The Centre on Tuesday informed the Supreme Court that the special committee constituted to examine the restoration of 4G services in Jammu and Kashmir has agreed to provide the high-speed Internet access on a trial basis in limited areas.
Attorney General K.K. Venugopal appearing for the Centre before a bench headed by Justice N.V. Ramana said that restrictions on the Internet will be lifted on a trial basis at certain geographical locations.
The Centre informed the court that the relaxation from August 16, in one district each of Jammu and Kashmir division will be assessed after two months. The government also said that blanket restoration of 4G in the UT would not be possible due to threats to security.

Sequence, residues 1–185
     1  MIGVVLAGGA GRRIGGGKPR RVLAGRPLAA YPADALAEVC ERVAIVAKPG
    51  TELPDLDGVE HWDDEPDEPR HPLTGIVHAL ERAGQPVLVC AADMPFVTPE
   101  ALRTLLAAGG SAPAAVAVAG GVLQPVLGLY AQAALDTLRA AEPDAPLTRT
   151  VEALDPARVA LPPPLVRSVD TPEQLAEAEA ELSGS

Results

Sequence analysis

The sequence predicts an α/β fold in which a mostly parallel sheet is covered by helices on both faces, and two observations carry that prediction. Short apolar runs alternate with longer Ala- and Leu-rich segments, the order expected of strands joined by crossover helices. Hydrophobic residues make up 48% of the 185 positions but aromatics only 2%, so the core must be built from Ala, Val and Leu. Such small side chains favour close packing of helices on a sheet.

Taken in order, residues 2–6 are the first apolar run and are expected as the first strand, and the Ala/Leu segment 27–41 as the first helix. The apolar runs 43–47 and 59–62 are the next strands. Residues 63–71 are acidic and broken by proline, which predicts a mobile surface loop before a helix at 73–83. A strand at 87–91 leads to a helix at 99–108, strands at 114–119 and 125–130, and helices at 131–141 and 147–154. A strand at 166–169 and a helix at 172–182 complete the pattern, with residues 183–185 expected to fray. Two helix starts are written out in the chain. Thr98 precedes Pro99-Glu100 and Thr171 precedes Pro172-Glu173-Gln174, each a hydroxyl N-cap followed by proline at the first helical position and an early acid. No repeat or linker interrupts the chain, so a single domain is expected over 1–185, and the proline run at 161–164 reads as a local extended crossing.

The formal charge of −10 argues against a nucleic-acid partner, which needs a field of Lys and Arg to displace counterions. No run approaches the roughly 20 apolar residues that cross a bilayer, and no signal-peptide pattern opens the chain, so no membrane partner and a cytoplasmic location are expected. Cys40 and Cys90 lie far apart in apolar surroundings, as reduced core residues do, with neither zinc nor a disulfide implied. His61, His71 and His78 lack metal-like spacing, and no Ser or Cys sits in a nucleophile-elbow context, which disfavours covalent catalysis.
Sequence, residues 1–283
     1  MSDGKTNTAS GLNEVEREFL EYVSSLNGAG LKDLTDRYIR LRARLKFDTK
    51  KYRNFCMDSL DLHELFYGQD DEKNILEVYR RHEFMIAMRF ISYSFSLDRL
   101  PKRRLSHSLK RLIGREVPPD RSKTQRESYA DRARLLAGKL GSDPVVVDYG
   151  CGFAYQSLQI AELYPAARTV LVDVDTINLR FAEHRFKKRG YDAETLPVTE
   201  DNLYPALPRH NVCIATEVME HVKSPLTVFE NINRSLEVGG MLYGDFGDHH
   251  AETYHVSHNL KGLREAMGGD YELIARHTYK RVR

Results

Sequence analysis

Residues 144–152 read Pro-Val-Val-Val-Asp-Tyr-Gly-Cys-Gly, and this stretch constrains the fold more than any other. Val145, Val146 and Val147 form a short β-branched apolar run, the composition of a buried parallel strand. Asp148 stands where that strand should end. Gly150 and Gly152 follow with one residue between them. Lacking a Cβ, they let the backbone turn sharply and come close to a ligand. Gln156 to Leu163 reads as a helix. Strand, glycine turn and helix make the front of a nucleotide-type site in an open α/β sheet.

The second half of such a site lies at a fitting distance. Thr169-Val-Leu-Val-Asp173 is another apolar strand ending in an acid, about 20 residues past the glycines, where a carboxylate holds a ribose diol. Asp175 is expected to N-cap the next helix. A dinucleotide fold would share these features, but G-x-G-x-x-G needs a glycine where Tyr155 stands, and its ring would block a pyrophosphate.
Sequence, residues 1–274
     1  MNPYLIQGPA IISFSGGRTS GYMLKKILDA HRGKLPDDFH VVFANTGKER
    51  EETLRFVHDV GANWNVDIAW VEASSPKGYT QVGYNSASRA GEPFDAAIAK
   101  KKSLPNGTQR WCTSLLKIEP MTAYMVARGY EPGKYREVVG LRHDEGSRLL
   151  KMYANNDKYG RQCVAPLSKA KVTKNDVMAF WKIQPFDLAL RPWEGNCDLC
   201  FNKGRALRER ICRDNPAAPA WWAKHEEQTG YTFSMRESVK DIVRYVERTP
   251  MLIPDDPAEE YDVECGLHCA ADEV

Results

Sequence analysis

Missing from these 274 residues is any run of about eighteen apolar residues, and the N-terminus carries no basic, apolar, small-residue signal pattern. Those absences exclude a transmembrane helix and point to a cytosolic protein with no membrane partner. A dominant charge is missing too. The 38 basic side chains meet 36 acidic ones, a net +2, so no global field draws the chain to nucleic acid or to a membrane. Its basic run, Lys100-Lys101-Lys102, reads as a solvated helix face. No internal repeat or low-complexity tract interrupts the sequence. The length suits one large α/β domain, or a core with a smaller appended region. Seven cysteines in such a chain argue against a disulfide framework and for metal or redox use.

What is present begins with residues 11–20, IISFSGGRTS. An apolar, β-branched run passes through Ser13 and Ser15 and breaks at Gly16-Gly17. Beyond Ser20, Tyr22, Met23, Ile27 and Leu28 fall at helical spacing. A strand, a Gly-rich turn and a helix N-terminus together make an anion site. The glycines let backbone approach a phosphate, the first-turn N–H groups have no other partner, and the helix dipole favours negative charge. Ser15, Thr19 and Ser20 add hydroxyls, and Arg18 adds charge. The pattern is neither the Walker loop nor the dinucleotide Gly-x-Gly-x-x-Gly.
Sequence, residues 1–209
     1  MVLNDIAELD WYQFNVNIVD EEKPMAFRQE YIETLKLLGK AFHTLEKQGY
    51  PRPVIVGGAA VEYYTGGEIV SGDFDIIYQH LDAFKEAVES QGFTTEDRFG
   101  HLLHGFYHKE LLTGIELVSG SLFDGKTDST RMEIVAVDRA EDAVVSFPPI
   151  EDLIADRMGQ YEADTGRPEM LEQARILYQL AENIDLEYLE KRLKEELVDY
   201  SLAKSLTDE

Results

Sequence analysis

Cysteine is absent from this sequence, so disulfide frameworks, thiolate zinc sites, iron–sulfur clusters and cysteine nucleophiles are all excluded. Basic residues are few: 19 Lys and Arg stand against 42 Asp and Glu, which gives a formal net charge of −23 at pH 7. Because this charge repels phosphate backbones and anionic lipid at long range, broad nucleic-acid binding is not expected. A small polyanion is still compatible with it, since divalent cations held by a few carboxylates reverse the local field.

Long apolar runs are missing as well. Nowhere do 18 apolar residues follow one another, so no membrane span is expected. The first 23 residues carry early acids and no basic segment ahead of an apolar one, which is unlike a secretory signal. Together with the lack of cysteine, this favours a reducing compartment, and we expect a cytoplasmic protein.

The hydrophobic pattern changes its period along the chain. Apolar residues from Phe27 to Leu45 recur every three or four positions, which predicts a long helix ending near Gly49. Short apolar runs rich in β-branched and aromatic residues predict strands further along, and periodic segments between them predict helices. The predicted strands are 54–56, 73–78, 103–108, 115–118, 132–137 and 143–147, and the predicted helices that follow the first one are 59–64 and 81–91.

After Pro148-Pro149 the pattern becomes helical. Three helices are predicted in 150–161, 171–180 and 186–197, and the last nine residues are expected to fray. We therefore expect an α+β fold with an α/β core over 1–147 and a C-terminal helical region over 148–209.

The apex court remarked “this is a fairly a good start”, and commended the Centre’s decision. The bench also observed that it hoped the situation would improve and the access could later be expanded.
The Centre submitted that the special committee held its meeting on August 10, and explored multiple options in the backdrop of the security situation in the union territory. They recommended opening up of 4G in specified areas of low-intensity terrorist activities, not on the international border even in the trial basis.
Senior advocate Huzefa Ahmadi, appearing for the petitioner NGO, said: “Today is a good and a step forward at least some limited restoration has been made.”
Justice Ramana then closed the contempt case following the Centre’s submission.
The bench had given two weeks time to the Centre to file a reply on the intervention application. The contempt petition was filed by the NGO alleging that the Centre has not formed a special committee to review Internet restrictions in the UT despite the apex court’s order.